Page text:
I had many failures trying to blow glass. Finally, I discovered and purchased a copy of C. L. Stong's "Creative Glass Blowing". (Also see "Neon Signs" by Fink, 1909. It has a lot of information about vacuum systems, glass blowing, and getting a neon tube to work. The technology of 1909 is easy to adapt for home construction.) I practiced by using soda-lime glass and a propane torch. By pure luck I found a scientific glass blower at the University of California at Davis. This guy KNEW how to make stuff!!! Ever see a lathe for blowing glass? One of the first things he taught me was to get the proper goggles so I could see what I was doing. He had a U.S. Army surplus flashlight, one of the ones that are made of green plastic with the business end bent at 90 degrees. These flashlights come with clear, frosted white, and red filters. He installed a plastic polarized filter in the flashlight. The second filter (analyzer) was placed in a lens holder made from #10 copper wire. Attached to the rim of the filter holder was a small bar that was adjustable so that the distance between the two Polaroid filters could be spaced so that the glass he was currently working on would fit between the two polarized filters. The analyzer was adjusted so that the minimum amount of light would be transmitted through both filters. With a polarized light source like this you can see the lines of stress while you are working the glass or trying to anneal it! This tool proved to be the most valuable "Secret" to successful glass blowing I know of. Anyone can make one. I recommend using a car taillight and power supply for a brighter light source. I hope that you will tell others about it! Anyway with his encouragement I made a real nice mercury diffusion pump and a McLeod gage.
I bought my research grade krypton and argon form Lindy gas in 1 liter glass flasks.
My mirrors were from a Spectra-Physics 164 argon ion laser. The reason that I started with an argon ion laser was that I had these mirrors and the complexity of the argon ion laser in Scientific American seemed about the same as the HeNe laser projects. I used a heavy duty ignition coil pulsed by a relay in place of the Oudin coil. All of the lasers that I built using the ball joints had short operational life's, I think due to contamination. I also used TorrSeal to attach the microscope coveslip mirrors. One of the most difficult tasks was trying to accurately cut the ends of the laser tube at Brewsters angle.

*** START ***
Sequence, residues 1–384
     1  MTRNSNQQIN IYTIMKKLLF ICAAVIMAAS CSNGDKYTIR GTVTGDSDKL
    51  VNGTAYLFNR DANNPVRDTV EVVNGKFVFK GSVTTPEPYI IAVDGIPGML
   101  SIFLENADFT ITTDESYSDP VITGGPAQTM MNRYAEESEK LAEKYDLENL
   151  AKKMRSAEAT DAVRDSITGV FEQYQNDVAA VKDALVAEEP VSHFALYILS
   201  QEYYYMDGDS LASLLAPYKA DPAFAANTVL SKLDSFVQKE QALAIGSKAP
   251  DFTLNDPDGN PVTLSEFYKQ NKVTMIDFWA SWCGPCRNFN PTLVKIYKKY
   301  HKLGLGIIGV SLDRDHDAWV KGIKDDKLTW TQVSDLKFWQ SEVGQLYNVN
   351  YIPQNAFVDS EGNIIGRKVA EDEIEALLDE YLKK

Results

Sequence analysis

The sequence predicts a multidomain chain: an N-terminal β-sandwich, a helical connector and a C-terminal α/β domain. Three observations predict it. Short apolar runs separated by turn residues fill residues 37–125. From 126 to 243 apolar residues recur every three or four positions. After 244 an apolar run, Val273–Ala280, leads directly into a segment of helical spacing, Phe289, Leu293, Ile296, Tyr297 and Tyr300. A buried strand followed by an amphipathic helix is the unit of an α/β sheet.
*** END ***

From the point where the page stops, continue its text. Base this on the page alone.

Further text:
A video made by the person from whom it was acquired can be found at YouTube - Argon Laser from the '60s. Most of it isn't great but the pulsing can be clearly seen around 0:10. Here are some photos:
And side-on (more or less) closeups:
(An explanation about the reason for removal of the sprial-wound wire can be found below.)
The only "documentation" that came with the laser were photocopies of a partial hand-drawn schematic (with errors) and spec sheet for the trigger transformer:
However, whoever designed this doesn't seem to have had any clue about how basic DC power supplies work, specifically, what voltages to expect on rectifier circuits with filter capacitors. The voltage ratings of most capacitors and the voltages shown on the schematic are way too low for operation at full line voltage, despite the input being clearly labeled "117 VAC". The ratings of the actual parts in the laser are somewhat higher (maybe the original ones blew up!) but still well below the maximum voltages that would be present at full line voltage. For example, the main energy storage capacitors are rated 600 V, but can see around 900 V when fully charged! :) So what were they thinking - or were they? :) Having said that, the parts have survived nicely so far even after roughly 40 years and when the input is pushed slightly beyond 117 VAC. I suppose we should thank the capacitor manufacturers for conservative ratings. However, I would still recommend keeping the input below about 80 VAC.
For the following description, refer to the left side photo and schematic: